Covid-19 and Social Housing: the potential long term impacts
With the promise of spring just around the corner and as positivity slowly seeps into the nation, we need to turn our thoughts to what the new financial year will bring in the aftermath of Covid-19.
As many have reported, in January of this year, the Supreme Court decided that certain business interruption insurance policies would respond to losses arising from the Pandemic, which was great news for businesses which had purchased insurance with the relevant cover.
As several of my colleagues have already discussed in their related articles, the Property market faces several challenges such as the change to the availability of the Buy to Let product and the suspension of Possession Claims under the Coronavirus Act 2020. However, what now needs to be considered going forward is how to keep the building market on track and what pitfalls to look out for.
Whilst the Supreme Court’s decision was good news for many policyholders, even those with the right cover will need to establish that they have suffered a loss as defined in the Policy. What, then, of an affordable housing provider which has suspended its tenants rent, as many have? Under the Public Health (Coronavirus) (Protection from Eviction and Taking Control of Goods) (England) Regulations 2020, a landlord cannot evict tenants for non-payment of rent (unless they are in substantial arrears), but the Regulations do not require landlords to release tenants from their obligation to pay rent.
This presents a difficult question. On one view, the affordable housing provider has suffered a clear loss, being the shortfall in rent. On the other, it remains entitled to collect rent from its tenants and its insurers may say that its loss arises, not from the effects of the Pandemic on its ability to collect rent, but its voluntary waiver or suspension of rent.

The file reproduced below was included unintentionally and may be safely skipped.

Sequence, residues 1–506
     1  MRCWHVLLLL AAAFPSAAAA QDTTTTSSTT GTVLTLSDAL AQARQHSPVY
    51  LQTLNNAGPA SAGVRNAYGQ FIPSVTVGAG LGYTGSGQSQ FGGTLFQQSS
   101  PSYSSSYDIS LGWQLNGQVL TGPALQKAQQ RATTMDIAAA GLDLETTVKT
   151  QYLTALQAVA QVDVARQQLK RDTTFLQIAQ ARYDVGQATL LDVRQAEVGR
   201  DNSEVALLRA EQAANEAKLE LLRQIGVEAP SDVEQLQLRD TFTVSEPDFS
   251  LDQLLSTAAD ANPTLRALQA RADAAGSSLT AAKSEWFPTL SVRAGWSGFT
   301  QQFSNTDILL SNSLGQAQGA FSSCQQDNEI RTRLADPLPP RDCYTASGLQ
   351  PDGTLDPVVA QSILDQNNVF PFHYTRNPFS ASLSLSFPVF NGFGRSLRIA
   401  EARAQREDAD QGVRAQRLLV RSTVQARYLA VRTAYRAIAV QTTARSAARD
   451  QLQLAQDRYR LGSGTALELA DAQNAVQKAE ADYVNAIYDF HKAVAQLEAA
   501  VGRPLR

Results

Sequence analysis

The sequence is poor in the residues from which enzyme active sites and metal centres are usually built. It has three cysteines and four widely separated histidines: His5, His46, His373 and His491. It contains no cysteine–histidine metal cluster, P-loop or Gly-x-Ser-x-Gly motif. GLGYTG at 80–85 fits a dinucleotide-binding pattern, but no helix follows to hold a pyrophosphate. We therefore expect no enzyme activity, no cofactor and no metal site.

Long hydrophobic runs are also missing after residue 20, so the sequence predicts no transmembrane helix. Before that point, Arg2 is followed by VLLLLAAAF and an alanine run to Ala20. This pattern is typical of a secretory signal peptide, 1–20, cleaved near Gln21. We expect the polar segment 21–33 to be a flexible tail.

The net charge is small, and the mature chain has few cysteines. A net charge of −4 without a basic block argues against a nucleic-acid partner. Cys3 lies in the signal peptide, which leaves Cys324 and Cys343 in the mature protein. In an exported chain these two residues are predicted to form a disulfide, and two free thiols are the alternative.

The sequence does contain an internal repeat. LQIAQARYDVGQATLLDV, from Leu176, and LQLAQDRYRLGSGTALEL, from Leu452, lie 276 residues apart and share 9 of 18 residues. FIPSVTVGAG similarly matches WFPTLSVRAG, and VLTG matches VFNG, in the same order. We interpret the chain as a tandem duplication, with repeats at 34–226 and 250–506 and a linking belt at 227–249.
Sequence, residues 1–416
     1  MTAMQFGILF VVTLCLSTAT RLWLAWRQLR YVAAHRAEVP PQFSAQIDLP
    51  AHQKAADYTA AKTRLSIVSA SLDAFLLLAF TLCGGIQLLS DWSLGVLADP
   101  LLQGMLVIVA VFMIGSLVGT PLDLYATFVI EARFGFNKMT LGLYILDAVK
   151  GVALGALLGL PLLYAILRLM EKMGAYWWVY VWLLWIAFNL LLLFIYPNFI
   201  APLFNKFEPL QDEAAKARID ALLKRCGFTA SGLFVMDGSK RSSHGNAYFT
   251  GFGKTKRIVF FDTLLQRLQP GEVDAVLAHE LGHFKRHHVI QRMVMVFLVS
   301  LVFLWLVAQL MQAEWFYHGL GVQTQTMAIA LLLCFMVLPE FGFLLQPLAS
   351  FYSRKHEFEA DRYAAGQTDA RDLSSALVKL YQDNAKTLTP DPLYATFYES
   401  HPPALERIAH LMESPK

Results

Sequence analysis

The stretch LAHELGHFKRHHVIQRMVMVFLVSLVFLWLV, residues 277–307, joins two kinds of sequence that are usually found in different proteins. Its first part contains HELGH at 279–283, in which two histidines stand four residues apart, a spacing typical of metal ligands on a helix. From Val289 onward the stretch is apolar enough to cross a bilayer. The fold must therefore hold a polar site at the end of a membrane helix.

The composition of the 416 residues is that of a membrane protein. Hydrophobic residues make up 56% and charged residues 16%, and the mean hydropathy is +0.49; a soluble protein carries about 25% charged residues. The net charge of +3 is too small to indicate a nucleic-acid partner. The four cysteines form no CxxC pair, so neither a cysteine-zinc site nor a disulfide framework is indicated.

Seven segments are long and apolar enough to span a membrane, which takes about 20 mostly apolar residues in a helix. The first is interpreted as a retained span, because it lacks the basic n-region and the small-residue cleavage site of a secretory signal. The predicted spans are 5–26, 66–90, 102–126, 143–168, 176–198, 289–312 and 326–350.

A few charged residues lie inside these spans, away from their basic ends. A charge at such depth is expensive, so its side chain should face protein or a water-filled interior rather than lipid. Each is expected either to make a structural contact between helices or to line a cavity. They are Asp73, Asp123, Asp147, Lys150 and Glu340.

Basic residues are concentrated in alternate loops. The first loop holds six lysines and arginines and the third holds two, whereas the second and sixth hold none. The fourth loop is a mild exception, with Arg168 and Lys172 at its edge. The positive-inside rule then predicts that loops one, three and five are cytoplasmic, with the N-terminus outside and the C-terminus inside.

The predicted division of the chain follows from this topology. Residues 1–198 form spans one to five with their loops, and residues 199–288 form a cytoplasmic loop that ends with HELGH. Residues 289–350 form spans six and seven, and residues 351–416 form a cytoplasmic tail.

It will be interesting to see how this issue develops, but on any view affordable housing providers are likely to be left with a deficit in their income stream. This could have an impact on their ability to purchase new sites or parts of sites and consequential effects for both developers and affordable housing providers alike in terms of securing funding and scheme viability.
Although things may be looking up, the challenges that face the Property market have only just begun.
If you require further advice regarding affordable housing or any other Real Estate matter, please contact Terri Warren in our Real Estate department on 01276 854 942 or at email@example.com.
This reflects the law and market position at the date of publication and is written as a general guide. It does not contain definitive legal advice, which should be sought in relation to a specific matter.
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We are solicitors in Camberley, Wokingham and London. In 2019, Herrington Carmichael won ‘Property Law Firm of the Year’ at the Thames Valley Business Magazines Property Awards, ‘Best Medium Sized Business’ at the Surrey Heath Business Awards and we were named IR Global’s ‘Member of the Year’. We are ranked as a Leading Firm 2020 by Legal 500 and Alistair McArthur is ranked in Chambers 2020.